United States District Court, E.D. Missouri, Eastern Division
STANLEY I. TILLMAN, Plaintiff,
NESTLE PURINA PETCARE, CO., et al., Defendants.
MEMORANDUM AND ORDER
CATHERINE D. PERRY, District Judge.
Plaintiff, a prisoner, seeks leave to proceed in forma pauperis in this civil action arising under state tort law. Having reviewed plaintiff's financial information, the Court assesses a partial initial filing fee of $1.50, which is twenty percent of his average monthly deposit. See 28 U.S.C. § 1915(b). Additionally, the Court directs plaintiff to show cause why this action should not be dismissed for lack of jurisdiction.
Under 28 U.S.C. § 1915(e), the Court is required to dismiss a complaint filed in forma pauperis if it is frivolous, malicious, or fails to state a claim upon which relief can be granted. And under Rule 12(h)(3) of the Federal Rules of Civil Procedure, the Court must dismiss any civil action where it is apparent that the Court lacks subject matter jurisdiction.
Plaintiff alleges that he fed his dog "chicken jerky dog treats" that were made by and distributed by the defendants. He says that the treats made his dog sick, including causing kidney failure and a stroke. Plaintiff seeks to hold defendants liable for negligence and breach of implied warranty. He also seeks damages under 42 U.S.C. § 1983.
Defendants are Nestle Purina Petcare, Co. ("Purina"), Waggin' Train, LLC ("Waggin' Train") (misspelled as Wagon Train in the complaint), Walmart Stores, Inc. ("Walmart"), Walgreens Co. ("Walgreens"), and CVS Health Corp. ("CVS") (incorrectly listed as CVS Corp. in the complaint).
The causes of action brought by plaintiff are based on state, not federal, law. Title 42 U.S.C. § 1983 provides a cause of action only when a state actor deprives a person "of any rights, privileges, or immunities secured by the Constitution and [federal] laws." Defendants are not state actors, and plaintiff's claims do not rise to the level of a constitutional violation. Plaintiff has not cited any other federal statute as a basis for federal jurisdiction, nor could he. As a result, plaintiff's claims under 42 U.S.C. § 1983 are frivolous, and federal question jurisdiction does not exist under 28 U.S.C. § 1331.
To bring a state law case in federal court, diversity jurisdiction must exist under 28 U.S.C. § 1332. For diversity jurisdiction to exist, plaintiff and the defendants must be "citizen[s] of different States." 28 U.S.C. § 1332(a)(1). "It is, to say the least, well settled that federal diversity jurisdiction requires complete diversity, so that no defendant is a citizen of the same state as any plaintiff." Walker v. Norwest Corp., 108 F.3d 158, 162 (8th Cir.1997). Additionally, the amount in controversy must exceed $75, 000. 28 U.S.C. § 1332(a).
"[F]or purposes of determining diversity of citizenship, the controlling consideration is the domicile of the individual. With respect to the domicile of prisoners, the traditional rule is that a prisoner does not acquire a new domicile when he is incarcerated in a different state; instead, he retains the domicile he had prior to his incarceration." Jones v. Hadican, 552 F.2d 249, 250 (8th Cir. 1977) (citations omitted). A prisoner can rebut this presumption, however, by showing "facts sufficient to indicate a bona fide intention to change his domicile to the place of his incarceration." Id. at 251.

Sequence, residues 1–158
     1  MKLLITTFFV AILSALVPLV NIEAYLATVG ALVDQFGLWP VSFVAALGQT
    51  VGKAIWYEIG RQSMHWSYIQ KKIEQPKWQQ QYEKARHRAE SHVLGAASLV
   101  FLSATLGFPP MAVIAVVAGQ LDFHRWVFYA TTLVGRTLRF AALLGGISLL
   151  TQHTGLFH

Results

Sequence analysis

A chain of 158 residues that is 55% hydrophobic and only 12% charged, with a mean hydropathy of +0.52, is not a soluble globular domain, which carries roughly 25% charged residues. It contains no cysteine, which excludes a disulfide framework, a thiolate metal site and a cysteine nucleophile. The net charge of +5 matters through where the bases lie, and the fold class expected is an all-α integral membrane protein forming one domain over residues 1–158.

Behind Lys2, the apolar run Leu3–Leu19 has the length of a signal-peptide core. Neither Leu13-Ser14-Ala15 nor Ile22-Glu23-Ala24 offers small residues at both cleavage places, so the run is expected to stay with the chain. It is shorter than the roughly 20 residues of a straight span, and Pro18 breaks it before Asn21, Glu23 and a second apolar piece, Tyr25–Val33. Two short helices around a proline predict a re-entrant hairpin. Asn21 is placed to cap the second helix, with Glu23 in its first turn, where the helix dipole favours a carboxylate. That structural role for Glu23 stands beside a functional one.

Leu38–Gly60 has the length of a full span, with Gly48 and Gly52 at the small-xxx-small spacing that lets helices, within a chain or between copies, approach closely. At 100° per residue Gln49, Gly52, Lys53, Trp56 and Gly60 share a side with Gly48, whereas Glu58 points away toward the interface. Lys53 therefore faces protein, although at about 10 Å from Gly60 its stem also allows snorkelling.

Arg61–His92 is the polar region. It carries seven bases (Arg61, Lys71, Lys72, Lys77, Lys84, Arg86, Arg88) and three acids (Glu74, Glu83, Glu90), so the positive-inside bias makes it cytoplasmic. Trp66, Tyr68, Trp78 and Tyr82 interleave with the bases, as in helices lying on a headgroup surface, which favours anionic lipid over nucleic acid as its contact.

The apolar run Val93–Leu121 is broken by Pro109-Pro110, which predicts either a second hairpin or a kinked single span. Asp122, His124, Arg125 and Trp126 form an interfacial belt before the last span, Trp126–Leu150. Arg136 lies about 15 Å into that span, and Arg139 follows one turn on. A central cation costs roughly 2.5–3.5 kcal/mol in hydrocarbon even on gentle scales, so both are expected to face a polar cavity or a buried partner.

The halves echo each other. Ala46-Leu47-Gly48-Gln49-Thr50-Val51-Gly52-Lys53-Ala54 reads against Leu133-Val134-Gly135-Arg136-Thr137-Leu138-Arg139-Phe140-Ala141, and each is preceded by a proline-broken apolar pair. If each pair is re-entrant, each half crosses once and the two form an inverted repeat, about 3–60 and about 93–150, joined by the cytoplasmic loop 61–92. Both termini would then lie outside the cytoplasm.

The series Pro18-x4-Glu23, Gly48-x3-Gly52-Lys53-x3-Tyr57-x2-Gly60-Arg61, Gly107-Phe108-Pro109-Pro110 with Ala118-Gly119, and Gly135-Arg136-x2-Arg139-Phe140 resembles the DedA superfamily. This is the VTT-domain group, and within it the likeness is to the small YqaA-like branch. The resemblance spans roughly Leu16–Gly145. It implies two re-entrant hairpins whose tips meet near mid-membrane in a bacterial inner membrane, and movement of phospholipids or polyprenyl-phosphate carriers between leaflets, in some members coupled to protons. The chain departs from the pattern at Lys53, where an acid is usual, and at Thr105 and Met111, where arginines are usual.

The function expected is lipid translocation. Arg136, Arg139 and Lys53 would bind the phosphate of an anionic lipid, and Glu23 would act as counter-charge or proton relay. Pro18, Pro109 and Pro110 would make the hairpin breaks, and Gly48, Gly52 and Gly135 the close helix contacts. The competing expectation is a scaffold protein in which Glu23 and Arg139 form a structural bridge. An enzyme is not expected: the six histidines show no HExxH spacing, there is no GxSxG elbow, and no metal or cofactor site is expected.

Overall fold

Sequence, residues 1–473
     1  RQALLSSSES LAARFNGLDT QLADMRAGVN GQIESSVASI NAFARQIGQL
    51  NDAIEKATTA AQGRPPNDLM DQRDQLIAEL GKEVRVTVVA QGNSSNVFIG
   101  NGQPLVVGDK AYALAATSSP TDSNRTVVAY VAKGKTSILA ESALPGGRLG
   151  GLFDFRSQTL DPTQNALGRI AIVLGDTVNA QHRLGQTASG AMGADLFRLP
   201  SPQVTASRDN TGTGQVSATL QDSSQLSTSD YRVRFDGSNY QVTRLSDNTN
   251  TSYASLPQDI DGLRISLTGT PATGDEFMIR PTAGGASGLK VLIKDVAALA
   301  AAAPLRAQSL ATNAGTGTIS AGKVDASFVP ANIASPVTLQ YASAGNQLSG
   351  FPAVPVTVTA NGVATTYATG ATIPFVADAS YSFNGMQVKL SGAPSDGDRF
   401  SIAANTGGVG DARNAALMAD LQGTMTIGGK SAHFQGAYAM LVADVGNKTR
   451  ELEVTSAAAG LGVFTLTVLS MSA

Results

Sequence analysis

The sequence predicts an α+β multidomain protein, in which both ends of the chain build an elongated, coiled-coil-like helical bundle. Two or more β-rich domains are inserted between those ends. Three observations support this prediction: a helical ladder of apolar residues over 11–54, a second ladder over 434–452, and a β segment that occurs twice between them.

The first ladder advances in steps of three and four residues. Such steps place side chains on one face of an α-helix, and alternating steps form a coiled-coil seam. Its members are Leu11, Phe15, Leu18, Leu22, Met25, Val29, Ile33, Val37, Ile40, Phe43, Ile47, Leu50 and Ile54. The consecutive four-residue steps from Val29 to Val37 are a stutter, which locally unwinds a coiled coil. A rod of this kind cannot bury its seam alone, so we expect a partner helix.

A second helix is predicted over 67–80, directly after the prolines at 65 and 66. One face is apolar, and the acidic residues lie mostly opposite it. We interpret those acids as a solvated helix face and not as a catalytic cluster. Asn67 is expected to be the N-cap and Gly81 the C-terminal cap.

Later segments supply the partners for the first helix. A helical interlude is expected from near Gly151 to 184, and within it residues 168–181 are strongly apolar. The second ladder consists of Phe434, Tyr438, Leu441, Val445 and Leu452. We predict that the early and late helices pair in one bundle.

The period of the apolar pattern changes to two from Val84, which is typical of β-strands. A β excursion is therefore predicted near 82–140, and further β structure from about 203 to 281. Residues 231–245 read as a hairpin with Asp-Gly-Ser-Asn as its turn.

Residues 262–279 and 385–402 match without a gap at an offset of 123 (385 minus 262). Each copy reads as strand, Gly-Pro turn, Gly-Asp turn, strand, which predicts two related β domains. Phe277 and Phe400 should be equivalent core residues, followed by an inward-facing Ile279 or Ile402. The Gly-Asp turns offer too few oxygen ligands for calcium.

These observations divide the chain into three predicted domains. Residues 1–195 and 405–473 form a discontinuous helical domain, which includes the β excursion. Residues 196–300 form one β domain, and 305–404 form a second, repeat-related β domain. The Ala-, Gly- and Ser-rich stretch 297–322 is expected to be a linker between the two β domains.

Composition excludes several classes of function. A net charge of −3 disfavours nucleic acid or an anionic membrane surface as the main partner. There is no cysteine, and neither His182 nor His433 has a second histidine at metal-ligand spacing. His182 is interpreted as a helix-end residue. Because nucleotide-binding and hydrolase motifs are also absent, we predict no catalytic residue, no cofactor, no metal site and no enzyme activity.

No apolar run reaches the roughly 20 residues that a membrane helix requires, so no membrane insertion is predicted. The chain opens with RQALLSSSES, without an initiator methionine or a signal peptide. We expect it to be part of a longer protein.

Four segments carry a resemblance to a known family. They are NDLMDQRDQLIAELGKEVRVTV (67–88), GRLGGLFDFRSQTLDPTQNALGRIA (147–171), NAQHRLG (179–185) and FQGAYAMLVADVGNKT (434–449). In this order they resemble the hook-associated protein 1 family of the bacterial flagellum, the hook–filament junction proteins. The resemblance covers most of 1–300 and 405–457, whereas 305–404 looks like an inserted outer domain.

Plaintiff is incarcerated in the Western Reception & Diagnostic Correctional Center for a felony committed in St. Charles County, Missouri. Verified at the Missouri Department of Corrections' website: https://web.mo.gov/doc/offSearchWeb/, and Missouri Case.net: https://www.courts.mo.gov/casenet/base/welcome.do. So, it appears likely that plaintiff is a citizen of Missouri.
Under 28 U.S.C. § 1332(c)(1), "a corporation shall be deemed to be a citizen of every State and foreign state by which it has been incorporated and of the State or foreign state where it has its principal place of business." Therefore, the Court must look to where the corporate defendants are incorporated to determine diversity of citizenship.
Purina is incorporated in Missouri. Verified at the Missouri Secretary of State's website: http://www.sos.mo.gov/. Walgreens and CVS are incorporated in Delaware. Verified at the Delaware Secretary of State's website: https://delecorp. delaware.gov/tin/GINameSearch.jsp. Walmart is incorporated in Arkansas. Verified at the Arkansas Secretary of State's website: http://www.sos.arkansas.gov/Pages/default.aspx. Plaintiff has not alleged the principal places of business for these corporations.
Waggin' Train is an LLC registered in Delaware. Verified at the Delaware Secretary of State's website. LLCs are not "citizens" under 28 U.S.C. § 1332(c)(1). "The citizenship of a partnership is the citizenship of the partners, even if they are limited partners, so that if even one of the partners (general or limited) is a citizen of the same state as the plaintiff, the suit cannot be maintained as a diversity suit." E.g., Cosgrove v. Bartolotta, 150 F.3d 729, 731 (7th Cir. 1998). Plaintiff has not alleged the locations of the partners of Waggin' Train. Therefore, he has not adequately alleged diversity jurisdiction for this entity.
Because it appears that subject matter jurisdiction is lacking, the Court will order plaintiff to show cause why this action should not be summarily dismissed. In doing so, plaintiff must list the principal place of business for the corporate defendants, and he must list the citizenship of the partners for the LLC defendants. If plaintiff asserts that he was ...